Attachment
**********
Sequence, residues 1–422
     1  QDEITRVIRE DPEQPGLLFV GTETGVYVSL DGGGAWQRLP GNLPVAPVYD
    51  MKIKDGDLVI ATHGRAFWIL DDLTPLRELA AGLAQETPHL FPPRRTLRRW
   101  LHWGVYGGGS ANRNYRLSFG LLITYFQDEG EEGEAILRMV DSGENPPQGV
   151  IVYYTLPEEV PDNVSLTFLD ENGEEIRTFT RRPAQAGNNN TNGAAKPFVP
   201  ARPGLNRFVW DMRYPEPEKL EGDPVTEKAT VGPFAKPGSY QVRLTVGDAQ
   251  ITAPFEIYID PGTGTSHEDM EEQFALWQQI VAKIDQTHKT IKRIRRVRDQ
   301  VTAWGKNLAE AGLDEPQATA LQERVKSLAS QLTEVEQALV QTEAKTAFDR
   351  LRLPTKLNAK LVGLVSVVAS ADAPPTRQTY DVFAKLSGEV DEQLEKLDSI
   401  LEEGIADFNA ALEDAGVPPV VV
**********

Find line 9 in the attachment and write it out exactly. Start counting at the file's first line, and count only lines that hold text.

   351  LRLPTKLNAK LVGLVSVVAS ADAPPTRQTY DVFAKLSGEV DEQLEKLDSI